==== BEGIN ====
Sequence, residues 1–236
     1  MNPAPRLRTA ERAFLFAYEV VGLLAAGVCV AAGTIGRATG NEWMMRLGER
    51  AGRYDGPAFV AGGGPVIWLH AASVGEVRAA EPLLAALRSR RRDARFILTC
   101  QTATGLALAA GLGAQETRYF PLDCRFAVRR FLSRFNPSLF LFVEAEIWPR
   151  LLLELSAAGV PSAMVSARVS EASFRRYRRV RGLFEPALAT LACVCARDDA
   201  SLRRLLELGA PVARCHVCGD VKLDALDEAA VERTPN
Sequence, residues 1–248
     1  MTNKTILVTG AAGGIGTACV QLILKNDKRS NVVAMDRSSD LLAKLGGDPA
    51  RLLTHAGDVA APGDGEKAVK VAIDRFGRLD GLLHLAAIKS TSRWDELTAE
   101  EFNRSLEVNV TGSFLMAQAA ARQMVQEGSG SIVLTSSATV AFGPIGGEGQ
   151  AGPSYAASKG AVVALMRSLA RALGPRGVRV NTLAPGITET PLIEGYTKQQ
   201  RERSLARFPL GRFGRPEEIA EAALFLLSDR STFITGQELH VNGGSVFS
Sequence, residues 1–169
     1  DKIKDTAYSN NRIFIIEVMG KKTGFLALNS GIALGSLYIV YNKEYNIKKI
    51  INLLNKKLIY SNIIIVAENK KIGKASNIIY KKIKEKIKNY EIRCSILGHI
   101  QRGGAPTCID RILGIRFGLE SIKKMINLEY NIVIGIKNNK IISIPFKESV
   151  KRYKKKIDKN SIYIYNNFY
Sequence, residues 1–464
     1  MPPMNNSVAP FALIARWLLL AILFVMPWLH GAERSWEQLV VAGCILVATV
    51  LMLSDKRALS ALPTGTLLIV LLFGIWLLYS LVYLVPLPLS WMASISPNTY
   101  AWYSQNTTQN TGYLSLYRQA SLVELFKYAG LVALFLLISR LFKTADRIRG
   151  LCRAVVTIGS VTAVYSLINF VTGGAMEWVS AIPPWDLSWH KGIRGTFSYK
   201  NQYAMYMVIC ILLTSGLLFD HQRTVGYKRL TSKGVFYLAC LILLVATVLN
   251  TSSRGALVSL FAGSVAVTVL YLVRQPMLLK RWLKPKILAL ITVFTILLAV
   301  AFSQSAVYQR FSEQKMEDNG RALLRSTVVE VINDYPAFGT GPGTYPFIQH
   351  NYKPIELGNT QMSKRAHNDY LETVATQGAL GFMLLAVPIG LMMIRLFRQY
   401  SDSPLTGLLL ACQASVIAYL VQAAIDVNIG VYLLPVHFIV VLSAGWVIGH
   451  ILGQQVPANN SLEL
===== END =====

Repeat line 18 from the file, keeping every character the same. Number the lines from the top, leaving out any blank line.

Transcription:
Sequence, residues 1–464